Creative computer scientist wins UC Innovation Medal

Published: Wed 22 Aug 2012 08:18 AM
Creative computer scientist Tim Bell wins UC Innovation Medal
August 22, 2012
Computer scientist Tim Bell has won this year’s University of Canterbury Innovation Medal which honours efforts to have academic research adopted into the wider community.
Professor Bell’s creative work in developing new materials and methods for teaching basic computer science and implementing them on a global scale has had enormous impact around the world.
He led the project of writing the book Computer Science Unplugged, and the project of developing the associated website, videos, and the translations into 17 languages.
He has worked tirelessly to have the novel approach to teaching computer science described in the book adopted by school districts and by university-based science outreach projects all over the world It is recognised and celebrated as an international movement among math and science educators.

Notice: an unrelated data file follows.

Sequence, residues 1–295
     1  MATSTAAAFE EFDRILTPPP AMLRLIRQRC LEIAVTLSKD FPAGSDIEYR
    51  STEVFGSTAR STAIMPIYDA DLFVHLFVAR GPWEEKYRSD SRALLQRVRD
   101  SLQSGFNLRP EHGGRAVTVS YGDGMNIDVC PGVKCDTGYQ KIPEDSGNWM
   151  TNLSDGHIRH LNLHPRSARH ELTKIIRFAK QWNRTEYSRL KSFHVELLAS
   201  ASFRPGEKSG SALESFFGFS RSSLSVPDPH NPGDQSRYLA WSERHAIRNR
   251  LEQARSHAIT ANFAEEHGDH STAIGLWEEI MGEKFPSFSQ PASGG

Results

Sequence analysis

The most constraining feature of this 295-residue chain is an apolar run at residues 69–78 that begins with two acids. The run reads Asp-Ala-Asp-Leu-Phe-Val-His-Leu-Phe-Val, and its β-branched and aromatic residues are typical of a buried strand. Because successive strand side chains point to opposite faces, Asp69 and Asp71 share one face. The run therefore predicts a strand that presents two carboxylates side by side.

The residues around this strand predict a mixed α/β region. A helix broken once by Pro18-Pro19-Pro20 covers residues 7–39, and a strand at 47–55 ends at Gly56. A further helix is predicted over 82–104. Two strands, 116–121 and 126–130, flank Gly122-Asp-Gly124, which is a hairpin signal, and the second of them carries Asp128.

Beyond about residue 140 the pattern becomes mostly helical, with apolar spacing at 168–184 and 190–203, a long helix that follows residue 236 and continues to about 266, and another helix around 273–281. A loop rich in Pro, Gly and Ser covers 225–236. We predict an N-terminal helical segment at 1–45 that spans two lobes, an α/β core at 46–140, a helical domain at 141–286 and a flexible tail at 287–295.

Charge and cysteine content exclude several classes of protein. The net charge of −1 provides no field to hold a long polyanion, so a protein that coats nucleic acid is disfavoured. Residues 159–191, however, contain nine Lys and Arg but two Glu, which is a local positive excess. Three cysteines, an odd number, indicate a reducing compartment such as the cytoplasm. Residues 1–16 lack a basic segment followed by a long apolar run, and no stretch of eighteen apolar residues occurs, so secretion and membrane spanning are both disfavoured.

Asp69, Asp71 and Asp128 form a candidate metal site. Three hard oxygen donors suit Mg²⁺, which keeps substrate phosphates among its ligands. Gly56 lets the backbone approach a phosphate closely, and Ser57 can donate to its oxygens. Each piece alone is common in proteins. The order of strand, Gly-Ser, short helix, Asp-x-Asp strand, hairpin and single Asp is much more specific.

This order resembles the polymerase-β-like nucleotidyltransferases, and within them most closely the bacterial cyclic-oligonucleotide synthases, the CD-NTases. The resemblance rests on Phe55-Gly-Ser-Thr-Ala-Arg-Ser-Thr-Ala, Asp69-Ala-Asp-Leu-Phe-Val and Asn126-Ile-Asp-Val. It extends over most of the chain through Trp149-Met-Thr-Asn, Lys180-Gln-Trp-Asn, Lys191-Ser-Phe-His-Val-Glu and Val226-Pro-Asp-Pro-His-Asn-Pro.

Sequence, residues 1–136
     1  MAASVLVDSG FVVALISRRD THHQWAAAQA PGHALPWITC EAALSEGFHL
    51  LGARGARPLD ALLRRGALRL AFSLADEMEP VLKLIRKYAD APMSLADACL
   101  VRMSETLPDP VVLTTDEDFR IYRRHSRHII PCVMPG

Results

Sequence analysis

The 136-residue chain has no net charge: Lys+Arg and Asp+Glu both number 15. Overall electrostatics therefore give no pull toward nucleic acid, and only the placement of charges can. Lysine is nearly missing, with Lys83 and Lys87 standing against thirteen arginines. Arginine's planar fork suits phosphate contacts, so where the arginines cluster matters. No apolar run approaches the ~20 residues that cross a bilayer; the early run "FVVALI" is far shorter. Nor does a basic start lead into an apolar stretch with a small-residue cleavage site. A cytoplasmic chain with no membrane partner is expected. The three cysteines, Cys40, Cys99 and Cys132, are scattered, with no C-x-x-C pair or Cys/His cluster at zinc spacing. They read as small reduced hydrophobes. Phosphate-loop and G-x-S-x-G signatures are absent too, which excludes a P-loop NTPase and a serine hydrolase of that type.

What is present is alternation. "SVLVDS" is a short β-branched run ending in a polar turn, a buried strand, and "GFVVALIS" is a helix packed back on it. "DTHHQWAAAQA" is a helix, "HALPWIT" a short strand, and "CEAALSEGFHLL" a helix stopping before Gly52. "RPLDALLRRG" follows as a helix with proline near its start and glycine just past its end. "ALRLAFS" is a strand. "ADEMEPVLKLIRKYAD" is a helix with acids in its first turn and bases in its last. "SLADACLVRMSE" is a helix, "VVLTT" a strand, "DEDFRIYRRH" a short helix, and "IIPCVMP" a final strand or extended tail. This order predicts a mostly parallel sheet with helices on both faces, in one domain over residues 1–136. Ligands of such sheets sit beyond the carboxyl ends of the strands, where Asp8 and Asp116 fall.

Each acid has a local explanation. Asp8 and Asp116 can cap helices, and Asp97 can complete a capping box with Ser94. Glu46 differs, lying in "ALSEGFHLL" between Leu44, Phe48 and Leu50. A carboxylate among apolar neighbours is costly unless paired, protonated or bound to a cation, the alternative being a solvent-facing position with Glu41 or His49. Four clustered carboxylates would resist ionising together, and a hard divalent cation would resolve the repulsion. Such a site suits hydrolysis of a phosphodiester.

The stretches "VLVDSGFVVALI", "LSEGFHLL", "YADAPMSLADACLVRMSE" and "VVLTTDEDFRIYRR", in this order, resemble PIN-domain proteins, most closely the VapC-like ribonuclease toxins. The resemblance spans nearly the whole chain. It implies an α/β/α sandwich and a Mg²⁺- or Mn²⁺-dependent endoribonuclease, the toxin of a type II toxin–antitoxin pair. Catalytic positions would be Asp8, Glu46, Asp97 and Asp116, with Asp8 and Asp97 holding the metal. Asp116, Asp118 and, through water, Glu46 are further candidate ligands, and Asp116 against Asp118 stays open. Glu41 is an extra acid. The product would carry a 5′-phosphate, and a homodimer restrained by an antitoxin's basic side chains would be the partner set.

Lucinda Sanders, chief executive of the US National Centre for Women and Information Technology in Colorado, said Bell had been unwavering in his commitment to their mission to significantly increase girls’ and women’s participation in computing.
``His Unplugged activities are among our most widely distributed and most downloaded resource,’’ Sanders said.
Waikato university professor Ian Witten said Bell’s Computer Science Unplugged aimed to create a body of material that introduced students young and old to the science of computing.
``The ideas that he has promoted with such success seem to be changing the face of computer science education internationally, with interest groups in many countries,’’ Witten said.
Bell said his work on CS Unplugged began in 1989 when he developed exhibits for an initiative that became the Science Alive science centre in Christchurch.
``It took a new direction in 1992 when I was asked to explain computer science to my then five-year-old’s class at school. I developed some novel ways to communicate to the students using games, tricks and puzzles to get to the heart of computer science without the distraction of using a computer.
``Since then, and through collaboration with many colleagues around the world, using Computer Science Unplugged as a way to teach has become well-known in the world of computer science education.’’
The Innovation Medal, the first of its kind in New Zealand, was awarded for the first time last year to Keith Alexander for his outstanding development of the world-leading spring-free trampoline. Bell will receive his medal at a presentation on campus on October 4.

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